System Bits: Nov. 1


There is a lurking malice in cloud hosting services A team of researchers from the Georgia Institute of Technology, Indiana University Bloomington, and the University of California Santa Barbara has found — as part of a study of 20 major cloud hosting services — that as many as 10 percent of the repositories hosted by them had been compromised, with several hundred of the ‘buckets’ act... » read more

System Bits: Oct. 25


Scalable quantum computers In what they say is a significant step towards to the realization of a scalable quantum computer, researchers from the Institute for Quantum Computing (IQC) at the University of Waterloo led the development of a new extensible wiring technique capable of controlling superconducting quantum bits. The quantum socket is a wiring method that uses 3D based on spring-lo... » read more

System Bits: Oct. 18


First quantum computer bridge Quantum computing is closer than we think. For the first time on a single chip, Sandia National Laboratories and Harvard University researchers have shown all the components needed to create a quantum bridge to link quantum computers together by forcefully embedding two silicon atoms in a diamond matrix. Sandia researcher Ryan Camacho pointed out that small qua... » read more

Changing Economics In Chip Manufacturing


The foundry and equipment businesses are poised for significant changes that could affect the balance of power far beyond just the semiconductor manufacturing sector. It’s no secret that the number of companies developing new chips at 7nm is shrinking. There will be even fewer at 5nm. The business case for moving forward is that density must provide a competitive edge. But that density imp... » read more

System Bits: Aug. 16


Record-breaking quantum logic gate Reaching the benchmark required theoretically to build a quantum computer, University of Oxford researchers have achieved a quantum logic gate with record-breaking 99.9% precision. They reminded that quantum computers, which function according to the laws of quantum physics, have the potential to dwarf the processing power of today's computers, able to pro... » read more

System Bits: Aug. 9


Using trapped ions as quantum bits MIT researchers reminded that quantum computers are largely hypothetical devices that could perform some calculations much more rapidly than conventional computers can, and instead of the bits of classical computation — which can represent 0 or 1 — quantum computers consist of quantum bits, or qubits, which can, in some sense, represent 0 and 1 simultaneo... » read more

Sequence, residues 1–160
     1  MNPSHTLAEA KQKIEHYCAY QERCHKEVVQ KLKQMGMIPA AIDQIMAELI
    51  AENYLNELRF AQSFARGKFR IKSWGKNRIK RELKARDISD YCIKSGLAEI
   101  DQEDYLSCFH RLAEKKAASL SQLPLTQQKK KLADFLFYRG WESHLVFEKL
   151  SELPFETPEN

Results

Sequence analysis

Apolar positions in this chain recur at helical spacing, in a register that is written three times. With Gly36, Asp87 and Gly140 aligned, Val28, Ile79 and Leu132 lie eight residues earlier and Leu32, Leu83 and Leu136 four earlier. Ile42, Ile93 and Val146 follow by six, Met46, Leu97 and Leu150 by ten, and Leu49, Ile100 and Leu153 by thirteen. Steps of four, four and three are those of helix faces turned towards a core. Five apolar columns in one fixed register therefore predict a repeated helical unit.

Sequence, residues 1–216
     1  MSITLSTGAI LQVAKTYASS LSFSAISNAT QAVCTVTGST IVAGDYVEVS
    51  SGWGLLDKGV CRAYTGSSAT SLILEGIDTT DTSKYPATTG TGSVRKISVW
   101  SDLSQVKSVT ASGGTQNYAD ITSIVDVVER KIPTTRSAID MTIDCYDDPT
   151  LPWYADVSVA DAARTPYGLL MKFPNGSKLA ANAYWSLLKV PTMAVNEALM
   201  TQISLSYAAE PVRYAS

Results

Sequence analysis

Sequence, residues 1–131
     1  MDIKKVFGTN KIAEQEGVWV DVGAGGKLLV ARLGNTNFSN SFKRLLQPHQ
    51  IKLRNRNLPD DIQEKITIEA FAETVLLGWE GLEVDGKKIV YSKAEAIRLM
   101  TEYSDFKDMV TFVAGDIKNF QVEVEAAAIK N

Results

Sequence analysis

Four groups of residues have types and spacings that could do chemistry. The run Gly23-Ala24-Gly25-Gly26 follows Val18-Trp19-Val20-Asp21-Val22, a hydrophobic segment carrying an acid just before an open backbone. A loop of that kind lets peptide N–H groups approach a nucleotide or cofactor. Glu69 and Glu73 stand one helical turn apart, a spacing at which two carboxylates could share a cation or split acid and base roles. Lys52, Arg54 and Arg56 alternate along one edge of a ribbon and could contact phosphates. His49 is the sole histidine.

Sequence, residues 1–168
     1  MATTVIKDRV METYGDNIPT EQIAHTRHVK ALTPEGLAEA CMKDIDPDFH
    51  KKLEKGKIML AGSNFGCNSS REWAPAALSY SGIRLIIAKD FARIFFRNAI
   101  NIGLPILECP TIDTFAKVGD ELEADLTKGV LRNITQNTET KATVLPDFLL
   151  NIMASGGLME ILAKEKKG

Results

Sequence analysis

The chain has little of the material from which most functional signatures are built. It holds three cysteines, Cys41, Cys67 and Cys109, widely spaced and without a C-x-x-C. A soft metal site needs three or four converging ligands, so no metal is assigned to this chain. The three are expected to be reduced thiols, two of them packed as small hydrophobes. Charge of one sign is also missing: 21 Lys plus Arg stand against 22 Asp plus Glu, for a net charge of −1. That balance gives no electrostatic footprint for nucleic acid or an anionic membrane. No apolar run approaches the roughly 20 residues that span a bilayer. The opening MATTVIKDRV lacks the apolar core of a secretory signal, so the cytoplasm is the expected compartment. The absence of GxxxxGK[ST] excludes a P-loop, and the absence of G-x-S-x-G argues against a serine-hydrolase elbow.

System Bits: June 28


Deep-learning-based virtual reality tool Given that future systems which enable people to interact with virtual environments will require computers to interpret the human hand’s nearly endless variety and complexity of changing motions and joint angles, Purdue University researchers have created a convolutional neural network-based system that is capable of deep learning. [caption id="att... » read more

Quantum Computing Breakthrough


An earlier series of articles on quantum computing discussed the differences between the gate logic model and the quantum annealing model. The gate logic model, like transistor logic, uses a limited number of “gates” to construct a general purpose computer, theoretically capable of solving any problem for which a suitable algorithm can be found. In systems designed around the gate logic mod... » read more

Power/Performance Bits: March 22


Superconducting memory A group of scientists from the Moscow Institute of Physics and Technology and the Moscow State University developed a fundamentally new type of memory cell based on superconductors, which they believe will be able to work hundreds of times faster than memory devices commonly used today. The basic memory cells are based on quantum effects in "sandwiches" of supercond... » read more

The Quantum IoE


The principle of quantum communication (QC) is that it can transfer a quantum state between locations. The significance of that cannot be overstated. This is what we can look to for the delivery of the super-secure communications networks of the future. This kind of secure communications is made to order for the IoE (and, of course, many other platforms). No matter how simple or complex the ... » read more

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